Free flu vaccination campaigns expand across the country

Matt Woodley

30/05/2022 5:09:04 PM

Most states are territories are now offering to pay for people to get vaccinated against influenza, as the national caseload continues to mount.

Flu vaccination.
More than 26,000 laboratory-confirmed cases of influenza were recorded in the past fortnight alone. (Image: AAP)

Predictions of an influenza resurgence appear to be coming to fruition.
For more than a month, the weekly number of laboratory-confirmed influenza cases reported in Australia has exceeded the five-year average, and the 39,000 total cases are around 40 times higher than those recorded during the COVID-influenced ‘flu-zero’ season of 2021.
And while still not at the same level as peak 2019, the situation appears to be deteriorating, with more than 26,000 influenza notifications recorded in the past fortnight alone.
For context, that figure is more than three times higher than the notifications recorded in the prior two weeks and equivalent to two thirds of all reported cases this year.
The resulting hospital influx – combined with sustained pressure already being applied by ongoing COVID outbreaks in most parts of the country – has left state and territory governments scrambling to stem the spread before winter comes and brings with it even more respiratory disease.
After first blaming GPs for overcrowded emergency departments for apparently not seeing enough patients with respiratory symptoms face-to-face, Queensland then turned to general practice for help after offering cost-free access to flu vaccination to the entire the community.
The move set off a chain reaction, with governments in South Australia, Western Australia and New South Wales all offering variations of the Queensland Government’s commitment to free flu shots for the month of June.
While the details of these schemes are still being worked out, RACGP NSW&ACT Faculty Chair Associate Professor Charlotte Hespe is hopeful that the confusion and initial rush to book will be short-lived.
‘My biggest goal is [the free shots for all residents] will alert people who are vulnerable that they do need to come forward and do this,’ she told Nine Newspapers.
‘Even if you’re young and healthy, flu is not a pleasant illness.’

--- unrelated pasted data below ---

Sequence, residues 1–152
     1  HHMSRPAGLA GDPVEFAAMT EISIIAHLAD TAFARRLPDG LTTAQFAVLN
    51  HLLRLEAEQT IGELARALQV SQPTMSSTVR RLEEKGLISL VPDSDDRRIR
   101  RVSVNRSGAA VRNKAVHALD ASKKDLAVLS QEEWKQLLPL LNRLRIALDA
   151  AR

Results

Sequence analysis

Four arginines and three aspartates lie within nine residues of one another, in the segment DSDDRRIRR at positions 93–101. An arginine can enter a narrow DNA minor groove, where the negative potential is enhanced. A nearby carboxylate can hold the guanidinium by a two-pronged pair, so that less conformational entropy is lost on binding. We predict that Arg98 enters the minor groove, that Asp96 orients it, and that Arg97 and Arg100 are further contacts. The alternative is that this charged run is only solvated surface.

South Australian GP and Chair of the Immunisation Coalition, Dr Rod Pearce, has also welcomed the move, telling the ABC ‘everyone benefits from a flu vaccine’.
‘It’s a unique set of circumstances, having had COVID, having had no flu around for a while and then, after two years, we’re going to be hit by a worse flu season,’ he said.
Aside from state health authorities, the Australian Technical Advisory Group on Immunisation (ATAGI) has also been promoting the importance of flu vaccination, and previously reminded practitioners that it could be administered at the same time as COVID-19 shots.
However, while GPs have been mostly welcoming of the initiatives, Queensland Health did come under criticism from GPs last week due to a lack of communication prior to announcing the immunisation campaign.
Warwick Road Medical practice manager Angie Walker told the ABC first heard about the free flu vaccinations on social media, and immediately wondered who who would pay for the doses already in practices.
‘All we have is a handshake-like agreement to say the government will compensate general practice and pharmacies for the cost but we don’t know how that’s going to work, there’s no policy, there’s no procedure, there’s no process in place,’ she said.
‘We know absolutely nothing and we’re finding out via social media and via our patients.’
The lack of communication meant clinics had not been provided information before the announcement in the media, leaving practices scrambling to decipher which vaccines could be given freely and whether they would be reimbursed for purchased stock.
‘I think what [general] practices were waiting for is confirmation in writing and details,’ GP and practice owner Dr Maria Boulton said.
‘We wish this all would have been sorted out before the media announcement was made, to save all the confusion.’
Neither governments in Tasmania or the ACT have indicated whether they will follow the lead of other parts of the country, while the NT is considering the move.
Meanwhile, on Sunday, Victorian Premier Daniel Andrews also indicated that his state would adopt some form of free influenza vaccination program, once the details had been settled.
‘Announcements about vaccines are very easy and I think some in federal politics learnt that the hard way,’ he said.
‘You’ve got to have a plan that sits behind it. You’ve got to have consultation, detailed discussions with the AMA, the Royal [Australian] College of GPs, and of course, the Pharmacy Guild to make sure that you’ve got all that work done to be able to deliver what you pay for, or deliver what you offer.
‘We are in active discussions with those groups and more.’
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